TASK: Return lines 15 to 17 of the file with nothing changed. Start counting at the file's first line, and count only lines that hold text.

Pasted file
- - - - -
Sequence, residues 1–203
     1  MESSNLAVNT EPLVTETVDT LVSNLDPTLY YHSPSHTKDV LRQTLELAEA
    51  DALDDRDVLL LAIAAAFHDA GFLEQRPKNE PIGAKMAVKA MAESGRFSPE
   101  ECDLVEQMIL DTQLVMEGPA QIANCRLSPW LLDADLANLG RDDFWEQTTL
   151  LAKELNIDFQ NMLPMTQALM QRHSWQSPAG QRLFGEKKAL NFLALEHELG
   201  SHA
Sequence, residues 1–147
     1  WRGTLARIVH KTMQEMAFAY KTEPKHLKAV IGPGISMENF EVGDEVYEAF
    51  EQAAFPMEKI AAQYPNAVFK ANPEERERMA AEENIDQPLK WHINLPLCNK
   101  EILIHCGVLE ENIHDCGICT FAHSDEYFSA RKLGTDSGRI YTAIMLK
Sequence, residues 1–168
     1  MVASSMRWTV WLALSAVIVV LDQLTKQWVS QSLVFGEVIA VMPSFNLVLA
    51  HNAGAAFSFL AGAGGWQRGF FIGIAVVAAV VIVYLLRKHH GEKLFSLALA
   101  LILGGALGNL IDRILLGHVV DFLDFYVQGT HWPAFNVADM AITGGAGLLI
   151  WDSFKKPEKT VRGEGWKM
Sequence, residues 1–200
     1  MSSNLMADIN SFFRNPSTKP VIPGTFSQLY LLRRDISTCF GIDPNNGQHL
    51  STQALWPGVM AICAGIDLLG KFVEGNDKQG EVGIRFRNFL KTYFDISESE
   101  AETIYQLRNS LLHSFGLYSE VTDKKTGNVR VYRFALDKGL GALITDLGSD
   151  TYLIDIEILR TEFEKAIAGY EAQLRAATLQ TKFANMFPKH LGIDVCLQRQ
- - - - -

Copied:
   151  WDSFKKPEKT VRGEGWKM
Sequence, residues 1–200
     1  MSSNLMADIN SFFRNPSTKP VIPGTFSQLY LLRRDISTCF GIDPNNGQHL